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How much is the US snooping on Europeans?

In a hastily planned visit to Sweden, Obama tried to allay anger over the NSA's international surveillance programs.

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Obama also paid homage to a Holocaust-era hero whose name is commemorated on street signs from Paris to Tel Aviv.

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The president arrived Wednesday morning in Stockholm after an overnight flight from Washington, where lawmakers are debating Obama's request for congressional authorization for a military strike against Syria. On Thursday, Obama was scheduled to meet with foreign leaders at the Group of 20 economic summit in St. Petersburg, Russia.

Greeting Obama at the airport on a mild, sunny morning were Swedish Foreign Minister Carl Bildt and leaders of Reinfeldt's center-right coalition government. Sporadic crowds lined the highway as Obama's motorcade sped from the airport and they thickened in central Stockholm, especially around Obama's waterfront hotel.

Obama's trip marks the first bilateral visit by a sitting U.S. president to the northern European nation. Obama will meet with Reinfeldt and King Carl XVI Gustav and dine with Nordic leaders from Norway, Iceland, Finland and Denmark. He'll also stop at Sweden's premier technical university to call attention to Sweden's goal to phase out fossil fuels by 2050.

The White House hastily arranged the Stockholm visit after Obama, incensed when Russia granted asylum to Snowden, scrapped a planned meeting with Russian President Vladimir Putin in Moscow. The cancellation created a two-day scheduling void when Obama was expecting to be overseas but had nowhere to go. The White House added Sweden to his itinerary.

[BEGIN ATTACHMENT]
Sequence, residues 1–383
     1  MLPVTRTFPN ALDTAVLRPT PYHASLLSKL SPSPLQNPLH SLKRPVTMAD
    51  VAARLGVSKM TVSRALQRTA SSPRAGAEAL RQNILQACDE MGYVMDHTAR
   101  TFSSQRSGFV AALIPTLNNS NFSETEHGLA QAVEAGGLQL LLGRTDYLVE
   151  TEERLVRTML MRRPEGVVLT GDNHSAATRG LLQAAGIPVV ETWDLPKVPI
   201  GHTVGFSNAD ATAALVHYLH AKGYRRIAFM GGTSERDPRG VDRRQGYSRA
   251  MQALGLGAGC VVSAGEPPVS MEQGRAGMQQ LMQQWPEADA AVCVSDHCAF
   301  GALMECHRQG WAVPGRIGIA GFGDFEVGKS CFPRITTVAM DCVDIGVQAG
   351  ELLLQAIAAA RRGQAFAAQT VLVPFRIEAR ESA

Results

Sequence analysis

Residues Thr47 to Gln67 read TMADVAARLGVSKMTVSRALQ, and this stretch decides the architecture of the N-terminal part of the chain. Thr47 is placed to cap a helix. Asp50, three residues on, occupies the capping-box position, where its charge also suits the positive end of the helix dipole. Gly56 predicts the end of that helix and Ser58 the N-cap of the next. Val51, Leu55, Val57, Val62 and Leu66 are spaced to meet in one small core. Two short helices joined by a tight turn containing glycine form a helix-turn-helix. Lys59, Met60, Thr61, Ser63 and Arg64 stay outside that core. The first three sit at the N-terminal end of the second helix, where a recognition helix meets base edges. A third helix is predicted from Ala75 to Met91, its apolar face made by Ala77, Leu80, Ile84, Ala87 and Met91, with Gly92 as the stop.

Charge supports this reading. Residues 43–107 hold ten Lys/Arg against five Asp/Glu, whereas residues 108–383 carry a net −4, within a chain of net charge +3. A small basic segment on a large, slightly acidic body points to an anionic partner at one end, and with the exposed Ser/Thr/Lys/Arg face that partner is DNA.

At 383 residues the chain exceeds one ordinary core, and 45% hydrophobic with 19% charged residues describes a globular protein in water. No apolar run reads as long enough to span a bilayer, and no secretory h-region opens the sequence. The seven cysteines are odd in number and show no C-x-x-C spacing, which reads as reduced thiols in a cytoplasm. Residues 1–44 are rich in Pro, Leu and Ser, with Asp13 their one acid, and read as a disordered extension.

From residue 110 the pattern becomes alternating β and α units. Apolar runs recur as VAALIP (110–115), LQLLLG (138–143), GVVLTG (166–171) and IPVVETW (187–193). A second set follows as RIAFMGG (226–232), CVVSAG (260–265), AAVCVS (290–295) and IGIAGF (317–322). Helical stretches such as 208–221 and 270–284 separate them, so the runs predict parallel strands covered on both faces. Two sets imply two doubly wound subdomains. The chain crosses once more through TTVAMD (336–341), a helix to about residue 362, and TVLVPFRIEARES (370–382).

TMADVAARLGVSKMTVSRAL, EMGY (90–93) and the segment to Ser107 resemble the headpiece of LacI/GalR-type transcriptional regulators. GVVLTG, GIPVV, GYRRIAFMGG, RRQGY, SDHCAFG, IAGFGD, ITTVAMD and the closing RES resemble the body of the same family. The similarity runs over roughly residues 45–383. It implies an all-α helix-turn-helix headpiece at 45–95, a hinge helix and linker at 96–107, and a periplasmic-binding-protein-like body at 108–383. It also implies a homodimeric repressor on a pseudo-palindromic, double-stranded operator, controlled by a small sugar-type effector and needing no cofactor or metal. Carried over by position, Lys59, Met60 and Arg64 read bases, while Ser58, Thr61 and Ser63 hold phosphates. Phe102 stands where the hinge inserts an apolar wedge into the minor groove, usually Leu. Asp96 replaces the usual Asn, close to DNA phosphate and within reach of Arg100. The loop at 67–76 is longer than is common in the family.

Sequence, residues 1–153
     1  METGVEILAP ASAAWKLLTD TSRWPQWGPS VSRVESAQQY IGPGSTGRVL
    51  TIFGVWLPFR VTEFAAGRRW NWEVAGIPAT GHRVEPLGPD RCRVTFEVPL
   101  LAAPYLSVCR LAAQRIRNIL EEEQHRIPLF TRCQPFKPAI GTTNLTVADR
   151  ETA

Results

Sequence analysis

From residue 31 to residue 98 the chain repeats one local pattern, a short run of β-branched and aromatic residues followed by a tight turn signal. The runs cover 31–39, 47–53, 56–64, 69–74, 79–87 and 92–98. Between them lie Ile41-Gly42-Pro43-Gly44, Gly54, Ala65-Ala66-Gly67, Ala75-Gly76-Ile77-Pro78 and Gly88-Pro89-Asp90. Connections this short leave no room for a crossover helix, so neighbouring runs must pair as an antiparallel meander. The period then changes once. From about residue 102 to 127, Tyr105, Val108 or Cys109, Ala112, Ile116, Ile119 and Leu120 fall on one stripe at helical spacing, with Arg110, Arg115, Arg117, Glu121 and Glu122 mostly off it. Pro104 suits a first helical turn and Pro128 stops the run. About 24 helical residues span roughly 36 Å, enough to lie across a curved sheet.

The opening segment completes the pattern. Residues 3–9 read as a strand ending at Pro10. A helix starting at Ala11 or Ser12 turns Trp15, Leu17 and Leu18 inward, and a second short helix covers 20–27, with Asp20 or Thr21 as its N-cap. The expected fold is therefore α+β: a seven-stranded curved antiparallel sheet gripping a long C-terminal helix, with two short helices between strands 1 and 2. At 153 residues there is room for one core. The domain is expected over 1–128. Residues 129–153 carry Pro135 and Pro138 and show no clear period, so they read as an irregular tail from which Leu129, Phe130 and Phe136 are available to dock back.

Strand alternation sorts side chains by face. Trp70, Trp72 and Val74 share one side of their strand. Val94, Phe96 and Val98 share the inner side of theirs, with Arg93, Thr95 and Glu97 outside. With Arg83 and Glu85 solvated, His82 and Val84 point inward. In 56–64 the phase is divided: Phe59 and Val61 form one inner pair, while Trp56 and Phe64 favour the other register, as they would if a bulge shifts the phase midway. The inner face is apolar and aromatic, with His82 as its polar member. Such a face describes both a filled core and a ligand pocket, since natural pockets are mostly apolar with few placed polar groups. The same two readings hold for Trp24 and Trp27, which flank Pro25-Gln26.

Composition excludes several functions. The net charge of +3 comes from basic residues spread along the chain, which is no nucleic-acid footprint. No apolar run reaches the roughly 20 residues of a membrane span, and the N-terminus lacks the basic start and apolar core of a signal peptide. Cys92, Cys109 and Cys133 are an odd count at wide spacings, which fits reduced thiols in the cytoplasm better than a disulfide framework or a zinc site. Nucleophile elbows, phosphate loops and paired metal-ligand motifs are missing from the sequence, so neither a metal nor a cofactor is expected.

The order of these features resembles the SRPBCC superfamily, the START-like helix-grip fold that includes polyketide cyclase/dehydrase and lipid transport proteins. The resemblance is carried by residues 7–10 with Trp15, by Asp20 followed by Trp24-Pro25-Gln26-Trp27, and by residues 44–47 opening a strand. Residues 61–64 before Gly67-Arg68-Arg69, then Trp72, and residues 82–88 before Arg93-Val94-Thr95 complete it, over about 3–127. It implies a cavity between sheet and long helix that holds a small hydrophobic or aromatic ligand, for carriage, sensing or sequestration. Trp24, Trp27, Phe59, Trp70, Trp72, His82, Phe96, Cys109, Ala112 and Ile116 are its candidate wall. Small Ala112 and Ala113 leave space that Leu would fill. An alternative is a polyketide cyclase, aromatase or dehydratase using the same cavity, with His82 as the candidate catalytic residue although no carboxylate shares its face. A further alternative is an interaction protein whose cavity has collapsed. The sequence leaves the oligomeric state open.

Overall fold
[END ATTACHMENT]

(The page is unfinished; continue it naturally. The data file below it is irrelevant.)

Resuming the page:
Administration officials offered little in the way of a specific rationale for the visit, other than to say that the country had extended him a written invitation some time ago. They added that Nordic nations are important partners in development, global security and promotion of democracy.

Many of Obama's global priorities — like energy, global trade and science training — parallel his second-term domestic goals as he seeks to ready the U.S. workforce for a higher-tech economy, increase demand abroad for American products and tackle climate change. But those priorities have at times been overshadowed by the global outrage over the massive U.S. surveillance programs revealed by Snowden and by Obama's efforts to persuade nations to take a tougher tack against Syria.

A sobering moment was expected Wednesday afternoon when he honors the late Swedish diplomat Raoul Wallenberg, credited for saving at least 20,000 Jews during World War II before being arrested by Soviet forces in 1945 and then mysteriously disappearing. Wallenberg's family planned to present a letter to Obama asking for help in pressing Russia to shed light on Wallenberg's fate.

Amid tight security, protesters gathered in the streets of Stockholm, including a small group from Amnesty International that demonstrated outside the royal palace to demand that Obama close Guantanamo Bay prison.

Thousands of armed police are deployed on city streets, many roads and parks are closed in the downtown area, concrete barriers and steel fences have sprung up in many locations near where Obama will stay.


AP White House Correspondent Julie Pace and Associated Press writer Karl Ritter in Stockholm contributed.

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